The Long Take

One of my favorite techniques (or demonstration of technique) on film is the long take, a scene where the camera continues to roll for minutes at a time without cutting.

You’ve probably seen a long take and didn’t even realize it. We’re conditioned to watch movies with tons of quick cuts. Our brains (and a clever director) piece together these cuts to form a coherent big picture of the scene, but when those scenes were filmed, each individual cut may have been filmed by itself. Quick cuts allow actors to memorize only a line or two at a time, or for actors who appear to be in the same room to film the scene at completely different times.

Long takes, on the other hand, are incredibly difficult to pull off. The require a perfect dance between the director, the actors (main actors and extras), the set designers, the cinematographer, and everyone off camera who makes a scene come to life.

My favorite thing about a long take, though, is the slow and steady momentum that grabs you and doesn’t let go until the camera finally cuts away. Sometimes I find myself holding my breath during a long take, which is dangerous when you’re talking about a 12-minute long take like at the beginning of Gravity. 

Why am I talking about long takes? Well, first, my business partner and I filmed a long take of our own the other day when we toasted backers from our recent Kickstarter campaign. This is a tradition that started back when we funded Viticulture on Kickstarter, and we discovered that backers really appreciated the personal touch.

This year we toasted mostly with Schlafly APA, an excellent bitter beer, to about 259 backers in a “long take” that took nearly 2 hours (take that, Cuaron!) to film. Alan even got up to go the bathroom at one point, but I continued filming, and he caught up on toasts when he returned.

Also, a recent article on /Film featured a video of the best long takes in cinema, and I consider it a must-watch. My favorite will always be the long take in Children of Men, but I need to see some of these other movies. I love the Goodfellas long take too.


4 Responses to “The Long Take”

  1. Katie says:

    Glad to see Atonement on there, although I think it should have been ranked higher. There is so much going on in that long shot that it still blows me away no matter how many times I see it, and I notice something new every time as well. One of the many reasons I love that movie.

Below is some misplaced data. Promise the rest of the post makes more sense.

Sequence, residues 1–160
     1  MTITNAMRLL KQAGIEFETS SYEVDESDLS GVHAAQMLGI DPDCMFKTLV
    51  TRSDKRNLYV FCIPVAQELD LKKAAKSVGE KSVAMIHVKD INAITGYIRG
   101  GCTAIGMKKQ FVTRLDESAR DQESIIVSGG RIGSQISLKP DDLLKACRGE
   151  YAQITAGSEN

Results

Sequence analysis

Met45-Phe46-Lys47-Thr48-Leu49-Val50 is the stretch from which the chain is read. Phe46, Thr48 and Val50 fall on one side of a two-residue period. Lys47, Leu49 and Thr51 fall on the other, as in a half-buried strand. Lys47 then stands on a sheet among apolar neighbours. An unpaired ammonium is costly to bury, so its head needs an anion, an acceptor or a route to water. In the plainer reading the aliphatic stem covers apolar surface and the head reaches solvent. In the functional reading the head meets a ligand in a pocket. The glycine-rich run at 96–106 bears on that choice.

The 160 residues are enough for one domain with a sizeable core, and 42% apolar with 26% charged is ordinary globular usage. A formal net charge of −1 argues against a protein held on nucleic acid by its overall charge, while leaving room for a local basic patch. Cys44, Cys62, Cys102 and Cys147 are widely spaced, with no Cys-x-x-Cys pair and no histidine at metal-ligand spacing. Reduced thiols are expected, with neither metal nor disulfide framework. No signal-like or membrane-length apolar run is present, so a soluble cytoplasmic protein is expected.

• Jamey Stegmaier says:

      For various reasons I really didn’t like Atonement (the book), but it sounds like you think the movie is worth watching?

      • Katie says:

        **pretty much spoiler free for those who have not read the book or seen the movie**

        I read the book before I saw the movie as well, and I’ll admit I struggled with it at first. I thought the beginning of the book was dreadfully dull. I fell asleep a few times because I was tired of reading about a little girl writing a play and whining about her cousins, and I almost quit reading it altogether at one point. It definitely picked up for me after the *ahem* library scene, which is great in the movie as well. I know a lot of people were really angry about the reveal at the end of the book, and I can see why, although it didn’t turn me off from it.

        I like the different messages that both the film and the book convey: that your life experiences (or lack thereof) can affect the way you perceive events (which is tricky, but I thought the movie handled it well); how a single action can irrevocably change the lives of so many people; the way that some mistakes, once made, are impossible to correct. The attempt at atonement for that last point is what made some people dislike the book and the movie. But I appreciate that even after all those years, she was still trying to fix things the only way she knew how. She still felt the guilt of what happened and she didn’t want to forget it.

        The movie is also beautifully shot and I think the actors did a great job with their parts. So much of the book is set in the minds of the characters, which does not often translate well on film, but I think this is an exception.

        And James McAvoy is super hot in this movie. I will fully admit that may have a bit to do with my opinion of it. :p

        • Jamey Stegmaier says:

          Katie: I’m one of those people who was mad (or at least disappointed) in the end of the book. I feel like it discounted the rest of the novel. But I like the way you describe it, so I’ll give it a chance.

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